This can also lead to less than great pictures appearing in your inventory. Unless you are an experienced architecture professional, do not show any work. If you don't dare to choose your best pictures yourself, work with a gifted boyfriend or advisor to create your own gallery. In the first place, your info page should be useful for customers.
However much you want your prospective customers to know how you are, your over-page is not the right place for long, face-to-face stories. Customers are not interested in finding out the exact cast of their first still image or which type of scenic shooter is talking to them. You want to find out what you are good at, how experience you are and why customers enjoy working with you.
One great info page will quickly sum up your photography expertise and your site and why customers should be hiring you. Some of the best practices also give an insight into your character, without becoming verbose or emotional. Customer listings are facultative, and I would only insert one if they were impressing. Share your information on your info page is good, but not enough.
Customers shouldn't have to think about where to find their contacts. Clearly make it clear: Have a page with the title Kontakt in your browser toolbar. If customers click on it, they should see your telephone number and e-mail immediately. When you have a study or an agency, please give this as well.
It is ok to add a request for information and a request blank. You should never use a single way of making contacts. It' s the truth that these formulas give the website owners a lot of information, but they are non-personal and general and generate frictions that can be a hindrance to them.
When you' re worry about having spammers remove your e-mail from your contacts page, use SpamSieve or use Google Apps to hyperlink your e-mail to get rid of the crack. Lastly, make sure you have a proper e-mail account appended to your existing domains. A lot of professional photographers are justifiably anxious that their photos will be taken and used without their consent.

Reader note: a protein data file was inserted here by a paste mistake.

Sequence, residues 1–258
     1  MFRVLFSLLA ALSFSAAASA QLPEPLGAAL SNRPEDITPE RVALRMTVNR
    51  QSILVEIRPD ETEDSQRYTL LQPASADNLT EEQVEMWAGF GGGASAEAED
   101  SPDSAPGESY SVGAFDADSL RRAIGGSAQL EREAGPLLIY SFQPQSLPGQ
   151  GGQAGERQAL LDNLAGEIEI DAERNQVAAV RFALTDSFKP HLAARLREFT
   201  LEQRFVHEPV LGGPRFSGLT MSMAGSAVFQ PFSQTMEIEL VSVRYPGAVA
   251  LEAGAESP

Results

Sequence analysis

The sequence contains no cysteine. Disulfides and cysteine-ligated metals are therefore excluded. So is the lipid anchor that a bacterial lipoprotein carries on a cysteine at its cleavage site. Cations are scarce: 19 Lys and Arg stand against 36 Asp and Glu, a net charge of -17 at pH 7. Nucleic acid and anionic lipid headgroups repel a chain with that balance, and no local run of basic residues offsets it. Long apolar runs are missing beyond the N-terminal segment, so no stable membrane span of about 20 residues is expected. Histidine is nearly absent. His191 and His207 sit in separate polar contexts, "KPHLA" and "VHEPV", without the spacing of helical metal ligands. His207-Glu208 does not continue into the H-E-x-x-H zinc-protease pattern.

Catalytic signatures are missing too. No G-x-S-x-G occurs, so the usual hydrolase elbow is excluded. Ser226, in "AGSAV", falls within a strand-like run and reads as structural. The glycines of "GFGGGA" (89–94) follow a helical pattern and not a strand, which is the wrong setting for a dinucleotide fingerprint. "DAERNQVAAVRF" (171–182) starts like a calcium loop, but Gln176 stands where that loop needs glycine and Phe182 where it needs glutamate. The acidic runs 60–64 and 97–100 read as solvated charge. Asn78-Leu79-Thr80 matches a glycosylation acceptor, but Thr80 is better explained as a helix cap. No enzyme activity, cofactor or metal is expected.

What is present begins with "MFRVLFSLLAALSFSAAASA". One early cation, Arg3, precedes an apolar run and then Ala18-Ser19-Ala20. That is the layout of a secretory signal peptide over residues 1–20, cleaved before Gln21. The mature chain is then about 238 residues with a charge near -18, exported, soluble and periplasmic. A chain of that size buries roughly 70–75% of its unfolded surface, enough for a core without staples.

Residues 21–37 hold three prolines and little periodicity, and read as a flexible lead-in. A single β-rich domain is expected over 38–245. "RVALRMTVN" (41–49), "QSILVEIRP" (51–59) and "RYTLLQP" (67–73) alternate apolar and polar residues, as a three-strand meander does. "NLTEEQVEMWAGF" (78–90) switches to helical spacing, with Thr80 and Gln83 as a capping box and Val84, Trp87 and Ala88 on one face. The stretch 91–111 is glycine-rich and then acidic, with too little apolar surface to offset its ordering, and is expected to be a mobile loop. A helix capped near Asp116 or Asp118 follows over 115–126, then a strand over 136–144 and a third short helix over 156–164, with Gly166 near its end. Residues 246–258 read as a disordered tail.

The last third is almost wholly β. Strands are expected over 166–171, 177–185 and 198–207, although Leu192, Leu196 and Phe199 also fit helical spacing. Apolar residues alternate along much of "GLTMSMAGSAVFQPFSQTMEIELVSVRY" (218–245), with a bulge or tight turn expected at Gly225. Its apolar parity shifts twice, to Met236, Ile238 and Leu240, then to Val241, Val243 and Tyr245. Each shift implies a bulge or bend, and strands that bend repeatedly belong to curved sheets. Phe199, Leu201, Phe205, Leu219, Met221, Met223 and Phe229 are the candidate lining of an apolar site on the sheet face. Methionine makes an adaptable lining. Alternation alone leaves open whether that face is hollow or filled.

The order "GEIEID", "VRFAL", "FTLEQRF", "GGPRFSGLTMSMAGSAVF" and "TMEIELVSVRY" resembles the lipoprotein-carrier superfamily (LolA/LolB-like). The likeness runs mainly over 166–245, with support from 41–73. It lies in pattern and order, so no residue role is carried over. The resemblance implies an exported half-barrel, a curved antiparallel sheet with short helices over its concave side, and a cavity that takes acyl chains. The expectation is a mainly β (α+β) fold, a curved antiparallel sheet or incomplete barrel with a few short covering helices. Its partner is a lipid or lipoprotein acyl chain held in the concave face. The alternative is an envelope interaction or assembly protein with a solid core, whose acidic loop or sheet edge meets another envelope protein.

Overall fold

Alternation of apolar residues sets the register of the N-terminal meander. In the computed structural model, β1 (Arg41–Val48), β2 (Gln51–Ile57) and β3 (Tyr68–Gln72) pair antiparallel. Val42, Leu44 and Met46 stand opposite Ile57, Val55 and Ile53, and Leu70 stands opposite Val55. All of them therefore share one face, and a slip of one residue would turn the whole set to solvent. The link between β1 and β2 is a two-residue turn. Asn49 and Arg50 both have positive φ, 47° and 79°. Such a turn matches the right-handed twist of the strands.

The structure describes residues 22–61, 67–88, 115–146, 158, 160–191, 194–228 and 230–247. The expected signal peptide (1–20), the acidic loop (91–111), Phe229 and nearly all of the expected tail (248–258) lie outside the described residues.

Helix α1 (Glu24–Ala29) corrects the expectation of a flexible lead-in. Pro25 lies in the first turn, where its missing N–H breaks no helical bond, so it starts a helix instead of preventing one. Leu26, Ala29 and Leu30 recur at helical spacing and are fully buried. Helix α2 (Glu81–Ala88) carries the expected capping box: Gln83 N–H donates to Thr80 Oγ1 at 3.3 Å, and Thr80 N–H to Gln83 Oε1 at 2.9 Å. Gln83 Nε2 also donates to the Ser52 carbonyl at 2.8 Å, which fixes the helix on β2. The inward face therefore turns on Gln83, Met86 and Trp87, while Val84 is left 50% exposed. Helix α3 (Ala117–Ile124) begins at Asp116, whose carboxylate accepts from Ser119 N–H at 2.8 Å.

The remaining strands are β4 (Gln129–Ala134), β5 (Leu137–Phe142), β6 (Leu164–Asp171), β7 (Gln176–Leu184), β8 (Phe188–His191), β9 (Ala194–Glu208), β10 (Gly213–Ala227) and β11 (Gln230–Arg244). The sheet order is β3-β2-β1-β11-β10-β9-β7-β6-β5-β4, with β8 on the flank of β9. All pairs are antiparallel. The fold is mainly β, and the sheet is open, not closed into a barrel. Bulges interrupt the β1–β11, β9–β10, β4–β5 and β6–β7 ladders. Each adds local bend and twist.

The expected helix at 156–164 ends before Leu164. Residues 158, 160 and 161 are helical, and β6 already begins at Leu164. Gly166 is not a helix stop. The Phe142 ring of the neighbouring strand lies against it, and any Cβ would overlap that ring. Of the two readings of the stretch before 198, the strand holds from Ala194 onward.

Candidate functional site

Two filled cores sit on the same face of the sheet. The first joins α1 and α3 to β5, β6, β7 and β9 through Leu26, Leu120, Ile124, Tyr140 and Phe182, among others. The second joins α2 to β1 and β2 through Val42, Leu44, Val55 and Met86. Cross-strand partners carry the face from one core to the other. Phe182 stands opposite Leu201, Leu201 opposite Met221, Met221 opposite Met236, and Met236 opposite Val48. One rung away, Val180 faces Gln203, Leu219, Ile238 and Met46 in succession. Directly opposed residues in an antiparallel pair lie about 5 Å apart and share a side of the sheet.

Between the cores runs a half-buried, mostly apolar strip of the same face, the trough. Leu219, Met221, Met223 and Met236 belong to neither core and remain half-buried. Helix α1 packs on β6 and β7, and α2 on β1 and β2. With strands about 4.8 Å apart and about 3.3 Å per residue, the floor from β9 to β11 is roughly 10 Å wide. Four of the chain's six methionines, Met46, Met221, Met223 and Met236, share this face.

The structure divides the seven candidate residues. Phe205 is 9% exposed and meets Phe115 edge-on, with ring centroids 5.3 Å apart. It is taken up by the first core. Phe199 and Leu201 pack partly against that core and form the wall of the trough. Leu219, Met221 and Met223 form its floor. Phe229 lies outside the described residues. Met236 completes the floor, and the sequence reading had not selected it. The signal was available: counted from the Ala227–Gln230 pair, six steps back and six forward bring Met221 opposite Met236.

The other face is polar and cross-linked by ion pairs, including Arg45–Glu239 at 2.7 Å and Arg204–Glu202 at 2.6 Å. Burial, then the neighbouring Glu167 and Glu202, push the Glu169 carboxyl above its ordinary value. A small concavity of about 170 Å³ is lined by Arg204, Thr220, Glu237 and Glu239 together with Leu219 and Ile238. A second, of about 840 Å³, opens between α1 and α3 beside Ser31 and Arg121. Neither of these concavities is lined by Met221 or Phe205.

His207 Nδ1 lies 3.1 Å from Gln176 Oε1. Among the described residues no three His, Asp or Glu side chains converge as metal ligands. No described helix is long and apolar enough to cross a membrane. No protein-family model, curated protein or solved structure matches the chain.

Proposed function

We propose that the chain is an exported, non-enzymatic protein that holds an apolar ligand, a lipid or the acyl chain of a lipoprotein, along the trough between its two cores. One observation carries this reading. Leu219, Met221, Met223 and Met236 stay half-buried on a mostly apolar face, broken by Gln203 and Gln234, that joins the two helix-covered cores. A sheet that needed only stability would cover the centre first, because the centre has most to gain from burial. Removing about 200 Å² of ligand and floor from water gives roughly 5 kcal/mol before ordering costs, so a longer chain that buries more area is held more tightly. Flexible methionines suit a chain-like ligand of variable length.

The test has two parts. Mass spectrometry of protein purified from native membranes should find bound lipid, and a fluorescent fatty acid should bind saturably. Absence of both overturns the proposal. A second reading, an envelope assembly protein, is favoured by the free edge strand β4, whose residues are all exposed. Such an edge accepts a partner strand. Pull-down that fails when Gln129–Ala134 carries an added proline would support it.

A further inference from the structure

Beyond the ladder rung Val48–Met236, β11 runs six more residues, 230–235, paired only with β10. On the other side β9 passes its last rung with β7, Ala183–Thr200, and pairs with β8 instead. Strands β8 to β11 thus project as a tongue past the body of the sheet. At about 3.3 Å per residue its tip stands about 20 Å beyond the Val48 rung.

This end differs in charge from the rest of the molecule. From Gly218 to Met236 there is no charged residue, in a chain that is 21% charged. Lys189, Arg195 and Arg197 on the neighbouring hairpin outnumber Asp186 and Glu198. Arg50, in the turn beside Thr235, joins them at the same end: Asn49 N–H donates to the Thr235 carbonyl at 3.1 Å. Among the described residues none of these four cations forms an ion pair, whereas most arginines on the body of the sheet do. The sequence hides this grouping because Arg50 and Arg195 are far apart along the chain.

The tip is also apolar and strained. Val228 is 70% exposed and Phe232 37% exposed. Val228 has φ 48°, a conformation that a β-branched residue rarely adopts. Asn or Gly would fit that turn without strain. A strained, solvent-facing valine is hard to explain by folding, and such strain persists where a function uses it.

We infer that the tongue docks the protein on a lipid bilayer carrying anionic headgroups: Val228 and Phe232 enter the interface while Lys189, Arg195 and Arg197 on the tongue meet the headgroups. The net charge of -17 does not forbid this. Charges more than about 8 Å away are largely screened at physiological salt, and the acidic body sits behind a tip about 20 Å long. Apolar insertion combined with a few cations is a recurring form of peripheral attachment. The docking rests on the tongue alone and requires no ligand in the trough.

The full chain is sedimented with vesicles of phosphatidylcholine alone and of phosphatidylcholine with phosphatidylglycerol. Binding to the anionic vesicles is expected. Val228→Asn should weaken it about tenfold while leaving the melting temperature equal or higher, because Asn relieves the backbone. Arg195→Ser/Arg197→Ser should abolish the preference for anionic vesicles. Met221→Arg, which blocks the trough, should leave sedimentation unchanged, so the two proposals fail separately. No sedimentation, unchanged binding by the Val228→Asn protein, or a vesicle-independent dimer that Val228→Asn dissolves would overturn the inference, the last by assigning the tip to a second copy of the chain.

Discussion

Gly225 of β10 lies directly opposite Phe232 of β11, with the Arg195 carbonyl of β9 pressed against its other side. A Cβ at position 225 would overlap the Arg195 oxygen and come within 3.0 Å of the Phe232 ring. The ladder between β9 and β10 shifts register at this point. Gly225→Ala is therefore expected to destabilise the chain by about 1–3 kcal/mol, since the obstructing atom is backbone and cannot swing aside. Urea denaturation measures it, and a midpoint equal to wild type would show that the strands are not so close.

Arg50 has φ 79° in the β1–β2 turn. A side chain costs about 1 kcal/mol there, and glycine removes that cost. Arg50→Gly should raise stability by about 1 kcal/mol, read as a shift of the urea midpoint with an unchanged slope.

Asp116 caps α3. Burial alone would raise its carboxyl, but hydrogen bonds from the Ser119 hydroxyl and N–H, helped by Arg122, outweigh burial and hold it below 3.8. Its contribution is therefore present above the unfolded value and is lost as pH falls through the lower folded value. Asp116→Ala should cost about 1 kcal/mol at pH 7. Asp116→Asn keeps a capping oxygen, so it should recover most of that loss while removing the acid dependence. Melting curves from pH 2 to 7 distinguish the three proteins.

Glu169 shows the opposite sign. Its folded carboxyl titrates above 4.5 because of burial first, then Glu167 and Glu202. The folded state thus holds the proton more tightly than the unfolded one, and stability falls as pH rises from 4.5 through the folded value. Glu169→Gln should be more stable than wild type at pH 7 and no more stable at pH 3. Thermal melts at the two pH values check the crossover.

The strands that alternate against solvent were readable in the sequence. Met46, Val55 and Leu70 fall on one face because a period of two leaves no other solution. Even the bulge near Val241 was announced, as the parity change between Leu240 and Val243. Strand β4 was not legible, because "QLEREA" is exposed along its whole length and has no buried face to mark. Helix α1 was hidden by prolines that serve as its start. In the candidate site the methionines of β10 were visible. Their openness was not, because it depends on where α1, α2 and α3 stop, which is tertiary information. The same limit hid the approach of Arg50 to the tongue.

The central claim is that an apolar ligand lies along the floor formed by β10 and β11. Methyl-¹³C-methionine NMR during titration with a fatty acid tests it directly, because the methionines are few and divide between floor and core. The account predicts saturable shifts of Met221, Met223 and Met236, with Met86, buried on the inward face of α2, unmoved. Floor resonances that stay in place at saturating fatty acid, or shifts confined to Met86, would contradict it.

In order to avoid this larceny, the affected photographs are often watermarked. You can cut out subtile water marks with ease, and full frame water marks (like iStockPhoto's watermarks) spoil your work. When you look at the web sites of the most famous photographs, there are few (if any) water marks in their pictures. When someone uses your picture without your consent, all you have to do is show that you took the picture to claim compensation.
You are not responsible for informing a thief that the picture is protected by copyright. What if your customers want to find you through a photograph? It is a good suggestion to add your contacts information to the IPTC imbedded information in the picture or even to the file name. In this way, legitimately customers who have found your picture outside your website (e.g. GoogleImageSearch) can get in touch with you to discuss how to license the picture for use.
You' ll find that all these hints have something in common: When you design your website, always consider the needs of the customer first. It should use large pictures, be navigation friendly and should be able to quickly respond to as many customer queries as possible. Customers should know what kind of shooter you are, where you are and how they can get in touch with you as soon as possible.
Customers don't have much in the way of checking your work, so don't decelerate them. Switch off slower picture transition. Easily browse a gallery using on-screen keys and, if possible, keypad browsing. Ensure that the pictures are large enough to show details (700px on the long edge), but small enough to be loaded quickly.
Think of your prospective audiences as stressful artistic directors trying to find good photographs on a Friday at 4:30 pm. Easily make them see whether you are well suited for the position and then get in touch with them by quickly showing them your best and most prestigious work.
When customers don't see your best picture within two seconds of opening your homepage, find out how to do it. Every times you make a modification to your website, you wonder if the modification makes it simpler or more difficult for customers to find what they need. Do you need help creating your perfect photographic website?
He is a free-lance photographer and technical author from Philadelphia.